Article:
In 1974, Charleston’s population was fewer than 70,000. “It was really wrenching for the entire community,” says Benjamin Hutto, the choral director at Charleston’s Porter-Gaud school from 1969 to 1985. “But it was worse for the Colbert family than anyone else.” After Peter and Paul died, Stephen Colbert’s closest sibling was nine years his senior. Until he left for college, eight years later, Stephen, who’d spent the first years of his life in a household overflowing with brothers and sisters, lived alone with his mother.

Colbert isn’t a big fan of discussing his personal life with the media. He’s compared the press to a “lamprey that latches onto a subject and just sucks and sucks and sucks until your brain and your soul is as dry as a crouton.” That’s one of the reasons he does many of his interviews in character. “I like preserving the mask,” he says. “Stepping out from behind it doesn’t do me any good.” But he also recognizes that he is expected, as an increasingly well-known public figure, to let the world know at least a little bit about his private life, and he’s spoken about how the deaths of his father and brothers forever altered the direction of his adolescence. After being stricken with a “blazing headache” following their funerals, Colbert picked up a science-fiction novel to distract himself from the pain. He soon was tearing through a book a day. He detached from his peers and more or less ignored school.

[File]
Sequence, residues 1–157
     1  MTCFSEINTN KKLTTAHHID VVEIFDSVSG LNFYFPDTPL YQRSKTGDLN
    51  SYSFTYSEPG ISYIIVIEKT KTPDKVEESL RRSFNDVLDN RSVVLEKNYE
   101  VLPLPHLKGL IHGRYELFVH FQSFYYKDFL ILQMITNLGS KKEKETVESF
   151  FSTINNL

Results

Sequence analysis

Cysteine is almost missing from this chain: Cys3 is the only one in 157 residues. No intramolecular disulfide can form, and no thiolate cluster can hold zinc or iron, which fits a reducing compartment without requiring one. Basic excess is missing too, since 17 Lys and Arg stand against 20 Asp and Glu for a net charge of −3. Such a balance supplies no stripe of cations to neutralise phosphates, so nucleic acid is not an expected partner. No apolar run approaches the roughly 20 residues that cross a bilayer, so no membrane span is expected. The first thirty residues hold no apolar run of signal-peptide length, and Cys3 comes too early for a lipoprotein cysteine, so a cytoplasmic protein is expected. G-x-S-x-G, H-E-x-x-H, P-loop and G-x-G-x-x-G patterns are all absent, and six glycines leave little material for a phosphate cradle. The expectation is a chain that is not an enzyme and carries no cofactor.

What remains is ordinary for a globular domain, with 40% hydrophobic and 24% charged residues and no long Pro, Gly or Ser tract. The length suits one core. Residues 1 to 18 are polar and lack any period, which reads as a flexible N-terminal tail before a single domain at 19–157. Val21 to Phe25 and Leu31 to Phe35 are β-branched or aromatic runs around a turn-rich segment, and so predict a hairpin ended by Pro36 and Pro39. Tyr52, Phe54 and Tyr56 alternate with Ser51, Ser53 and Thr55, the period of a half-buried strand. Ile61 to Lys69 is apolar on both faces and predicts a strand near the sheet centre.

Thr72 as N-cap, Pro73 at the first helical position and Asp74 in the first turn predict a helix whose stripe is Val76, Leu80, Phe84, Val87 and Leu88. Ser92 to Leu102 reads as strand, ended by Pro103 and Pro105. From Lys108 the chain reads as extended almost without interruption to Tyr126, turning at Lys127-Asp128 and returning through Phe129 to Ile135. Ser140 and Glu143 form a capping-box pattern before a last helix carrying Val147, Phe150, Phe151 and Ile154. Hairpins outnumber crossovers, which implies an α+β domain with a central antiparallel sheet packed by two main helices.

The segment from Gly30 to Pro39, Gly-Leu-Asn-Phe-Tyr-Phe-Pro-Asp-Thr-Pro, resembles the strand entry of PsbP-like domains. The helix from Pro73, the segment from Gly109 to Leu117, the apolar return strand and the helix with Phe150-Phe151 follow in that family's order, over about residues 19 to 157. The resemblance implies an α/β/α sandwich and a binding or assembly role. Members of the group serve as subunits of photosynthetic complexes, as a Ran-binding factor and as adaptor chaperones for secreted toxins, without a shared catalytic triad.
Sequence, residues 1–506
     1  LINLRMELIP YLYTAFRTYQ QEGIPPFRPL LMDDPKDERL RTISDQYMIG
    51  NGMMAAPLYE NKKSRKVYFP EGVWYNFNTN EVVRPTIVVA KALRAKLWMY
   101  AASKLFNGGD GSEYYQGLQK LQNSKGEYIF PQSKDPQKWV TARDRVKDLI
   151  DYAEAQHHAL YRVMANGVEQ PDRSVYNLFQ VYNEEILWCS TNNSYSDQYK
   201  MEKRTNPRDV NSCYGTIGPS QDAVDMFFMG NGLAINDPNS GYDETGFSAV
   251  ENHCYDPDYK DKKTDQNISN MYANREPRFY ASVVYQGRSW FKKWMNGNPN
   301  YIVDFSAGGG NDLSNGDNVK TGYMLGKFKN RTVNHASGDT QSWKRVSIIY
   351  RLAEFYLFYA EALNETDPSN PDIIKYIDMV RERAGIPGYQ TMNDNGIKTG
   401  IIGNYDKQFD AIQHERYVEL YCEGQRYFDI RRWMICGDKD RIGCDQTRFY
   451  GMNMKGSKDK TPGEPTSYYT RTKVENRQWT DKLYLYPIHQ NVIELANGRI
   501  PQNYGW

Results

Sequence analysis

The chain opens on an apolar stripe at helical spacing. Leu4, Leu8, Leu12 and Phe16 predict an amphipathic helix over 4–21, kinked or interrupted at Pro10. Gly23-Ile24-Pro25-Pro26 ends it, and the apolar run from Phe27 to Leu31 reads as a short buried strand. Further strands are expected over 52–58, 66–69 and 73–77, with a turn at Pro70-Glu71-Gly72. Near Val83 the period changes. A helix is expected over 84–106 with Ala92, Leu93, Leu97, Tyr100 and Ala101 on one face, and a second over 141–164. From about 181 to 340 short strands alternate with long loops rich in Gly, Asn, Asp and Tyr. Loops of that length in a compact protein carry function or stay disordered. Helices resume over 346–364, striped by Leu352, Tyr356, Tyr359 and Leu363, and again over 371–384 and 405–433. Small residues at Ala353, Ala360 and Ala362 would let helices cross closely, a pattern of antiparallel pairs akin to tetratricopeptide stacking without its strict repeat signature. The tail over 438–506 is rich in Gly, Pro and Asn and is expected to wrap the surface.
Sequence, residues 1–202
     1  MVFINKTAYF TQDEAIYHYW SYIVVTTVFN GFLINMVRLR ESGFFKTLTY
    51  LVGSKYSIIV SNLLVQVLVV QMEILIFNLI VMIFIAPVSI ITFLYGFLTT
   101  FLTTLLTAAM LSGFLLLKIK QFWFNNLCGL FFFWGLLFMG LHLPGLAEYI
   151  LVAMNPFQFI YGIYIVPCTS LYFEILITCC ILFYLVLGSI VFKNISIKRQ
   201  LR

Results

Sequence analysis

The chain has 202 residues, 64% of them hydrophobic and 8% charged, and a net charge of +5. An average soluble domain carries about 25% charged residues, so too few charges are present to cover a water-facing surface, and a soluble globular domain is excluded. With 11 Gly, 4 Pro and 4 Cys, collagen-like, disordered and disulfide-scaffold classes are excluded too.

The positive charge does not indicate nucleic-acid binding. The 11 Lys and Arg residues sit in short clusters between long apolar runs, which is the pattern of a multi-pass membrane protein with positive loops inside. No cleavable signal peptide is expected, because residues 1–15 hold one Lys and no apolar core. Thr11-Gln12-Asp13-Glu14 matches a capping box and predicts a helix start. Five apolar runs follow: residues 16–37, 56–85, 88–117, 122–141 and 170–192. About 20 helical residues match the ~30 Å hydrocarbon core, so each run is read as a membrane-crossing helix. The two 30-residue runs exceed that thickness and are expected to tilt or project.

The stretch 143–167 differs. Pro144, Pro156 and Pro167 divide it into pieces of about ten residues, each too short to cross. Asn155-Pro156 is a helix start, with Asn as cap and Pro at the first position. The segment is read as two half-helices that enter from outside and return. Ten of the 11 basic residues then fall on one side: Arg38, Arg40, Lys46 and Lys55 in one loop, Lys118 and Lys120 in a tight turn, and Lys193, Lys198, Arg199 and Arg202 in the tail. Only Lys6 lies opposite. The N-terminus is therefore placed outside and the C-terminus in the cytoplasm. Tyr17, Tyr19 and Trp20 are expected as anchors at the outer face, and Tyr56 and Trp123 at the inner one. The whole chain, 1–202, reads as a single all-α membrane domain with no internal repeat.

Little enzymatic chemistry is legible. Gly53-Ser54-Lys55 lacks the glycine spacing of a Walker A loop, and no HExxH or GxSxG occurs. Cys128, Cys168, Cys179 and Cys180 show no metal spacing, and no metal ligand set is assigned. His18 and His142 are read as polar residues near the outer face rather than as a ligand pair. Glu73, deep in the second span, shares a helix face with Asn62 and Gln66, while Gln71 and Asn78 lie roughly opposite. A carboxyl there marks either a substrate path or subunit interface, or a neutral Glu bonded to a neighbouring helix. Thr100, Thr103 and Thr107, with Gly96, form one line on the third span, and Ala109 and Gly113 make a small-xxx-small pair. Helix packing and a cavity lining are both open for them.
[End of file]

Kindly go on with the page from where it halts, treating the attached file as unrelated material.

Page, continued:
He also struggled with his identity. He toyed with changing the pronunciation of his last name from Col-bert to Col-bear. (Several years earlier, after realizing that popular culture employed thick southern accents as a kind of shorthand for stupidity, he had decided to get rid of his.) He threw himself into the alternative realities of role-playing games, becoming an aficionado of the science-fiction-based Metamorphosis Alpha and fantasy world of Dungeons & Dragons.

“The D&D phase and all that, that was partially a function of his loss,” says Chip Hill, who has been friends with Colbert for almost 30 years and is the godfather of Colbert’s nine-year-old son, Peter. Hill and Colbert were part of what became a close-knit group of high-school friends. “The thing about Colbert is he’s fucking brilliant,” says Scott Wherry, another friend from high school and the godfather of Colbert’s five-year-old son, John. “He was always the smartest guy in the room, and he was always smart enough not to let you know he was the smartest guy in the room.”